Empowerment

Empowerment is "The sustained ability of individuals and organizations to freely, knowledgeably and autonomously decide how best to serve their strategic self-interest and the interest of their societies in an effort to improve their quality of life."

Central to this project is the firm belief that not only must clients and communities have the capacity to make informed FP/RH decisions but they must also be empowered to do so. This project will work with men, women, youth and their communities to provide an environment where they can empower themselves.

Key Empowerment Areas for CATALYST:

  1. Gender Issues
    1. Women's Empowerment

      For women, "Gender" is not just another word. It illuminates the socio-cultural roles that men and women play (mother/father, husband/wife, etc.) and the relations that arise out of these socially constructed roles. These roles, and the differing power imbued in them, affect the access and control that men and women have over resources and opportunities, including those needed to achieve and maintain good reproductive health.

      Worldwide, women are more likely than men to experience "... poverty and economic dependence, ...violence, negative attitudes... racial and other forms of discrimination, limited power (over their sexual and reproductive lives) and lack of influence in decision-making... [that] adversely impact their health (Beijing Platform of Action, para. 92)." Physical access to sexual and reproductive health services (SRH) in the absence of the power and control to make the decision to access those services renders their quality or mode of delivery irrelevant and unattainable.

      DHS data from 24 countries show the impact of gender on women's ability to act on unmet birth spacing or limiting needs. This data suggests that for 80% of the women in the study, contextual, predominantly gender issues--not physical access--were the main reasons for not using family planning. (Source: Hantamalala and Charles F. Westoff, "Highlights of Preferred Birth Intervals in Sub-Saharan Africa.") For programmatic efforts to be empowering for women, they must provide broadened, linked services that take into account the social, political, psychological, economic and sexual dimensions of women's health and well being--in other words, her enabling environment.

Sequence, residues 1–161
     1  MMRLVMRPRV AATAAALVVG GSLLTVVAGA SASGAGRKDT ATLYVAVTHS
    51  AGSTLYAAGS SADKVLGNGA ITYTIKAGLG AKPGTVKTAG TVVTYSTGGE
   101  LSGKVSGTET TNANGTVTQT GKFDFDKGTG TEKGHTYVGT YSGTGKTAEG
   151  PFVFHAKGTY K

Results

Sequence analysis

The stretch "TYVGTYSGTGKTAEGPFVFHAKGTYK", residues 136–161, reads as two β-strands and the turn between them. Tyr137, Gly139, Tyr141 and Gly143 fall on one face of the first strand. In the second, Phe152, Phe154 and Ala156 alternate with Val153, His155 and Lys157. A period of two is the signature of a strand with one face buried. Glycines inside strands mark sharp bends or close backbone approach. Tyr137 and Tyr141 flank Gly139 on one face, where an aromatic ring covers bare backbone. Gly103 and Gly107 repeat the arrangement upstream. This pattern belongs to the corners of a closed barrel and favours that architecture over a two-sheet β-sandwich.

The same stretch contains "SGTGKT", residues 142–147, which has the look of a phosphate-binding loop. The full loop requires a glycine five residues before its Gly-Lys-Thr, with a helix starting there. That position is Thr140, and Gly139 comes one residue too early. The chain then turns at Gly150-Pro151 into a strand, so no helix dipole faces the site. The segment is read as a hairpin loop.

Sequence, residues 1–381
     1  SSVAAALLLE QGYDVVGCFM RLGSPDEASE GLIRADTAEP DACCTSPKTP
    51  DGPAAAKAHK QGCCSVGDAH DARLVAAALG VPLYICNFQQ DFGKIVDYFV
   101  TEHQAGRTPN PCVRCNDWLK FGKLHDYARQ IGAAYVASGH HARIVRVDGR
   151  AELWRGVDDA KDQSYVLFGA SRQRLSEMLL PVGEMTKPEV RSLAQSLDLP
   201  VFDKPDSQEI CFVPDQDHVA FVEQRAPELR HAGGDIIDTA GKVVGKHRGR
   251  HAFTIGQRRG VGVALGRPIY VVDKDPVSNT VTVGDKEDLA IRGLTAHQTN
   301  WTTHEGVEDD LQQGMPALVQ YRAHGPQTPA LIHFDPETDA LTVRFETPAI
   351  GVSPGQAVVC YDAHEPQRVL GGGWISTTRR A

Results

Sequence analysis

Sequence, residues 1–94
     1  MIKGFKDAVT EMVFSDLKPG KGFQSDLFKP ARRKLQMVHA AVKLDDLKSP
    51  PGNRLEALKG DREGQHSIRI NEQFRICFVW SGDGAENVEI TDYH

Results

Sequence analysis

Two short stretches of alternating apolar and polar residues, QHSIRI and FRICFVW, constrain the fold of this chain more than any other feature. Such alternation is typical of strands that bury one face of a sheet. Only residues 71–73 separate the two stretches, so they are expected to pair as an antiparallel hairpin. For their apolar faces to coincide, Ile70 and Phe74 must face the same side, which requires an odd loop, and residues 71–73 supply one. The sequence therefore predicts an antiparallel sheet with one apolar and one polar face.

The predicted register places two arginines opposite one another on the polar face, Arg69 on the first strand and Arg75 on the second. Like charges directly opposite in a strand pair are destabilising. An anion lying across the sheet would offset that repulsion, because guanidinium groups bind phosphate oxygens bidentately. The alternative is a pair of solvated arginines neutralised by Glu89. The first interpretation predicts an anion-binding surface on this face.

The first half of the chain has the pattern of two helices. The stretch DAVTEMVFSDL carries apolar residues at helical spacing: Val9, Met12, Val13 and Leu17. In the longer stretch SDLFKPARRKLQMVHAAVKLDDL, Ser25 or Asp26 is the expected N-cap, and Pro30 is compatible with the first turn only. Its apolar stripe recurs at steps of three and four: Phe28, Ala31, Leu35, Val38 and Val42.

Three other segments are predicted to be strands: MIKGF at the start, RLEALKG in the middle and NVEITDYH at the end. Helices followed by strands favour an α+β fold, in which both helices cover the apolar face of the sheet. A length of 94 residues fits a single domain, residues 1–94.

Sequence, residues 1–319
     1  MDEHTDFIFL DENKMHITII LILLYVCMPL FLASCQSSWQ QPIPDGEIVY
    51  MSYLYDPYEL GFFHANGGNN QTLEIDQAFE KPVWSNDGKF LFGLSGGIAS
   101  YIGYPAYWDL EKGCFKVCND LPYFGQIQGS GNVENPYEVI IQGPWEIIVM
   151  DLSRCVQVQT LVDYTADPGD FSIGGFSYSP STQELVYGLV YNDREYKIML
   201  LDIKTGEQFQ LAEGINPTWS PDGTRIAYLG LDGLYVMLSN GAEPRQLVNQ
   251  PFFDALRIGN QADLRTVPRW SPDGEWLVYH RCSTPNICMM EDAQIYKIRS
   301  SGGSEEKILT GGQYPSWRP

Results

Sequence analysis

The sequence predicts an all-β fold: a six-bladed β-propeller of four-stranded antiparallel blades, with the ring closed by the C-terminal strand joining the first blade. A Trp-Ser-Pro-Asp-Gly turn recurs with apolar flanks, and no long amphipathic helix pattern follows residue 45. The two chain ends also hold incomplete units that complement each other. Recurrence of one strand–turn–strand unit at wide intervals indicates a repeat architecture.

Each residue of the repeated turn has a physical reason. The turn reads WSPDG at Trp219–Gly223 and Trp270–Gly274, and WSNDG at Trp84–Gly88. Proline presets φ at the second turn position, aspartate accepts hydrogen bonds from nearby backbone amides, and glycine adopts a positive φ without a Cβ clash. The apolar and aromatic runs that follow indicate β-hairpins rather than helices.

2. Men's Participation

    Men's participation activities within this project will seek to promote women's equality in RH decision-making; to increase men's support of women's sexual and reproductive health and of children's well-being; and to meet the reproductive and sexual needs of men.

    Men have distinct reproductive health needs of their own and play an important role in the health of women and children, often serving as gatekeepers to women's access to reproductive health services. Men need to have their perspectives incorporated into program design, to feel welcome at clinics, to have a wider range of information and services available to them and to be portrayed positively. The challenge is to meet men's needs to be involved without disempowering women.

  2. Empowering Youth

    Strategically and deliberately investing in the well-being of young people can result in powerful positive individual and social behavior change. This is especially true with regard to reproductive health issues, such as delaying the age of sexual initiation and increasing condom and contraceptive use. Effective programs must be driven by the vision and perceptions of youth and increasingly adopt an assets-based approach to youth development instead of a problem-focused one.

  3. Empowering Communities

Research shows that for development and individual behavior change to be sustainable, it must be supported by an enabling environment not just at home, but within the broader community as well. For that to happen, there must be community ownership of the enabling environment--through deliberate, participatory processes that involve local institutions, local leaders, community groups and members of the community. Communities can be empowered to create an enabling environment for positive change--including reproductive health--in the analysis of local health concerns and in the design, implementation and evaluation of community-based programs.